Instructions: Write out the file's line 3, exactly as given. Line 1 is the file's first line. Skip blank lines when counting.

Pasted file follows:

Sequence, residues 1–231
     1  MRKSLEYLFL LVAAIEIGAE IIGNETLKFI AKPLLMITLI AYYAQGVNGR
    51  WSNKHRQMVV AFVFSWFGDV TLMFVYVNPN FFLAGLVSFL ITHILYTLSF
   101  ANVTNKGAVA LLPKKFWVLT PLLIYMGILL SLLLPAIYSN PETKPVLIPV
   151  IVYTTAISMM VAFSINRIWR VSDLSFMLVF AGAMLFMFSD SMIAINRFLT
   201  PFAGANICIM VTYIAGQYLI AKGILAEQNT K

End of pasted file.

    51  WSNKHRQMVV AFVFSWFGDV TLMFVYVNPN FFLAGLVSFL ITHILYTLSF